Like many Kyrgyz politicians, Tashiev initially gained popularity through his personal wealth, which he distributed widely. In the early 2000s, in his home region of Jalal-Abad, Tashiev (who then owned a chain of gas stations) refurbished a school, provided drinking water in a rural area, and actively helped the poor. He also founded a boxing club in his native village of Barpy.
But he has been a divisive figure since leading his party into parliament in late 2010, particularly in terms of his virulently nationalist views. More than once he’s used his fists to resolve disputes inside the legislature, and he’s shown little interest in working with other political factions, regularly calling for the government to resign.
Earlier this year Tashiev suggested then-Prime Minister Omurbek Babanov was not fit to lead Kyrgyzstan because he was not a “thoroughbred” Kyrgyz – a reference to the ethnicity of Babanov’s mother. And he has publicly implied that ethnic Uzbeks and other minorities should enjoy fewer rights than ethnic Kyrgyz. His nationalist refrains are believed to appeal to Ata-Jurt’s base in southern Kyrgyzstan, scene of deadly ethnic clashes in 2010. The central government has consistently faced difficulty solidifying control over the region.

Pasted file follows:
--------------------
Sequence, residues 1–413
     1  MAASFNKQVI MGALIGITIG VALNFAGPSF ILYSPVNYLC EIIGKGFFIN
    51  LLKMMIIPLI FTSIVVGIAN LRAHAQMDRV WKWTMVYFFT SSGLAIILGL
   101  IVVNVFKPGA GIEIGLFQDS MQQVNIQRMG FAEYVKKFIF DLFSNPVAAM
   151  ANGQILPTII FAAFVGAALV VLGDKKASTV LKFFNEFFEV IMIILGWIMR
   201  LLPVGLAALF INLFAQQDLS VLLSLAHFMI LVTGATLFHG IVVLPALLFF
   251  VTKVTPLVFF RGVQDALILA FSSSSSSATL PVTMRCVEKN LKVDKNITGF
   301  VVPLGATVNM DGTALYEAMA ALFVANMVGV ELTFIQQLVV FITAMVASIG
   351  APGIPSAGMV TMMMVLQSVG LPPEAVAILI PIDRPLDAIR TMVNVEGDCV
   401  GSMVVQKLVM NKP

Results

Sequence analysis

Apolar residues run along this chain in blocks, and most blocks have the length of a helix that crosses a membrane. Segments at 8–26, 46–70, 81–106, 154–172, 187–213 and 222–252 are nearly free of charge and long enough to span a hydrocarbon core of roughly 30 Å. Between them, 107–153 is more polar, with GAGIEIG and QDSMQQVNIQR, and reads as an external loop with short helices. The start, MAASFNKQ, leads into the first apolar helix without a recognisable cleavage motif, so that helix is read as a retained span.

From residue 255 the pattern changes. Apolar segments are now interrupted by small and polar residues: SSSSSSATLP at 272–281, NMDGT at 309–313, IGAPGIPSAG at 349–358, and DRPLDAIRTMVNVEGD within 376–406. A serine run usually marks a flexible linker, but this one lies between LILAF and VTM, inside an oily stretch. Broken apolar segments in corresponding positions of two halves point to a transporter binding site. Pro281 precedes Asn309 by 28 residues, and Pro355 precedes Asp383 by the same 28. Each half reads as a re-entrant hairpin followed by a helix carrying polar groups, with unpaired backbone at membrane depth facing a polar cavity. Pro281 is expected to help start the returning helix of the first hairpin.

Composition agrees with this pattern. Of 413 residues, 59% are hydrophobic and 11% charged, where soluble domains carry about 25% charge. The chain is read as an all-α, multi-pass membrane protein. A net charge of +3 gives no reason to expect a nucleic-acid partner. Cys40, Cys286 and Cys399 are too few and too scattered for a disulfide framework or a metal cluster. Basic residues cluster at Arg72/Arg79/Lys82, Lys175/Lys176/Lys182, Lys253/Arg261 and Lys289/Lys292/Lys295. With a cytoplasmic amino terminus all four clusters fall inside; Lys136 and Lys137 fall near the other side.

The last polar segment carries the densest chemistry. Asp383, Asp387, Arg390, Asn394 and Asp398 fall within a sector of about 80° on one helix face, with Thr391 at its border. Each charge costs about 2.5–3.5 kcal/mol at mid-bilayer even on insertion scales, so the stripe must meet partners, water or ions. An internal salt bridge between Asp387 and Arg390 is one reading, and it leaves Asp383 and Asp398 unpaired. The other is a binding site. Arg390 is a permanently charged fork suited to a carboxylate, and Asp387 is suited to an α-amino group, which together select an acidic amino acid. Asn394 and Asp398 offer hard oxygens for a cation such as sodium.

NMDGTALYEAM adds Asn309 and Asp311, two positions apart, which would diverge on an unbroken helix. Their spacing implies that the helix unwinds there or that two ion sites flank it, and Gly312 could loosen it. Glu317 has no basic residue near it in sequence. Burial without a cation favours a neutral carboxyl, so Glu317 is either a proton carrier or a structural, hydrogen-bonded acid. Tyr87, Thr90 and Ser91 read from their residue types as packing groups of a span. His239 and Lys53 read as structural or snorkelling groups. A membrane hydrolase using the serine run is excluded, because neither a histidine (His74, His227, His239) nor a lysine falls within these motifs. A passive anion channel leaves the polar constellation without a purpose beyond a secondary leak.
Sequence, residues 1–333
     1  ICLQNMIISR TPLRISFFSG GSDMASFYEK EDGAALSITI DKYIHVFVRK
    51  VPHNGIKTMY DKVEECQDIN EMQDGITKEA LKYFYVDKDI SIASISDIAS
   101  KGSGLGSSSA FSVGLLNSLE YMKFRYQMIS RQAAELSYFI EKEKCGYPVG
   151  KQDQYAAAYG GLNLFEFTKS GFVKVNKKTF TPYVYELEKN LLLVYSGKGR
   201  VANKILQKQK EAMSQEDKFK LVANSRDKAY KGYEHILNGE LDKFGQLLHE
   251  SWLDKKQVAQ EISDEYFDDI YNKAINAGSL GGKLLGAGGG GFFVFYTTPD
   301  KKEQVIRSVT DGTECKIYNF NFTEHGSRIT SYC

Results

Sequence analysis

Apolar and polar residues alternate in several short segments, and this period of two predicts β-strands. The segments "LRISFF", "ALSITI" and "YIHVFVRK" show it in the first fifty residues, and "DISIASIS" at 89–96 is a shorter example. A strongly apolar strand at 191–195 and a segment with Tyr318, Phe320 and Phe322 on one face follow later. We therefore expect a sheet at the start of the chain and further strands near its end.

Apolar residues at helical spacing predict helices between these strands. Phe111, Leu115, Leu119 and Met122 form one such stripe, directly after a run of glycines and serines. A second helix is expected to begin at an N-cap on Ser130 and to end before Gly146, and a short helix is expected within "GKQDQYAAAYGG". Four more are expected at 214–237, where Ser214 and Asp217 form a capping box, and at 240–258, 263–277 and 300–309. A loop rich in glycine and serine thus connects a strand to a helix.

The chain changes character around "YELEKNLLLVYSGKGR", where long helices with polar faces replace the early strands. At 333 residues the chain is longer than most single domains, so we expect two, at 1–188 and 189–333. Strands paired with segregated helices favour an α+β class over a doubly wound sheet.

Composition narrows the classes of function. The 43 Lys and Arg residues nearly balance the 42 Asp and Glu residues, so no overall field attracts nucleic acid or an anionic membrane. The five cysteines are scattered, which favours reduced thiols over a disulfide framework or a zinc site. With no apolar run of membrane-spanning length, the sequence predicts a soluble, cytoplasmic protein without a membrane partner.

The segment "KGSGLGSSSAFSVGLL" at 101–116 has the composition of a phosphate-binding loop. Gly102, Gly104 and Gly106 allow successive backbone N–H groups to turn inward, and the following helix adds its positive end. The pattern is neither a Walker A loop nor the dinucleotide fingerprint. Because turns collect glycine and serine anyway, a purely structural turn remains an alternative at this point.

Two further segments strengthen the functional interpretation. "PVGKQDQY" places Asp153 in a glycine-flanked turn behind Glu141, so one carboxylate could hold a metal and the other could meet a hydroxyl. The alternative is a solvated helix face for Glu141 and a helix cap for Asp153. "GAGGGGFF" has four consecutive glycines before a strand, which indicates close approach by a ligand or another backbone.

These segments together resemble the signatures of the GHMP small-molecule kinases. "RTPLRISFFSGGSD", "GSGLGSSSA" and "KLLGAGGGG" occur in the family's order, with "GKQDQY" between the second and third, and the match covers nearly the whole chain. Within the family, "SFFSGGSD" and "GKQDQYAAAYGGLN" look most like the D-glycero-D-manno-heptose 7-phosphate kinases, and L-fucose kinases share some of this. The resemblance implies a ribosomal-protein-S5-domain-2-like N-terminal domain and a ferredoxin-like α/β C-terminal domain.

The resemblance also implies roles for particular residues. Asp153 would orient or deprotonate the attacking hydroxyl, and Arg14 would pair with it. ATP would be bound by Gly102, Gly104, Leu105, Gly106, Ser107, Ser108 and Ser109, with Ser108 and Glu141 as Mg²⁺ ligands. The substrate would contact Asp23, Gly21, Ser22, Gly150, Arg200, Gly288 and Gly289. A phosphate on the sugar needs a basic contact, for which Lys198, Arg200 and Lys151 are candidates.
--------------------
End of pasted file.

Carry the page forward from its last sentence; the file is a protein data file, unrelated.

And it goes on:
Sariev, the political analyst, believes Tashiev and Japarov had intended to get arrested in order to inspire widespread protests and destabilize the country. “There’s a strong possibility that what happened yesterday will continue on a larger scale. Everything is going according to Tashiev and Japarov's plan,” he said.
The October 4 rally in Jalal-Abad, near Tashiev’s home village, tempered those fears somewhat. Several hundred of his supporters reportedly demanded his release from detention, but remained peaceful, before dispersing by late afternoon. Later, up to 200 protestors blocked the main highway connecting southern and northern Kyrgyzstan, AKIpress reported.
A rally outside the headquarters of the State Committee on National Security in Bishkek, where the Ata-Jurt deputies are being held, only attracted a couple of dozen protestors.
In a development that will offer the central government some relief, a rally planned for Osh, southern Kyrgyzstan’s largest city, was called off, officially because the city would hold previously scheduled festivities instead. Osh is a stronghold of nationalist Mayor Melisbek Myrzakmatov, who has consistently defied Bishkek’s authority. Considering his overwhelming power in the city, the cancellation of the rally could be a signal he will not get involved in the latest crisis, even though Ata-Jurt would seem to be his natural ally.
Nevertheless, Sariev believes this is a make-or-break moment for the Kyrgyz government, which must be careful not to alienate Ata-Jurt supporters. If Bishkek doesn’t maintain control, he warned, there will be “chaos, a regional split and Kyrgyzstan will turn into a country of warlords, just like Afghanistan.”
David Trilling is EurasiaNet's Central Asia editor.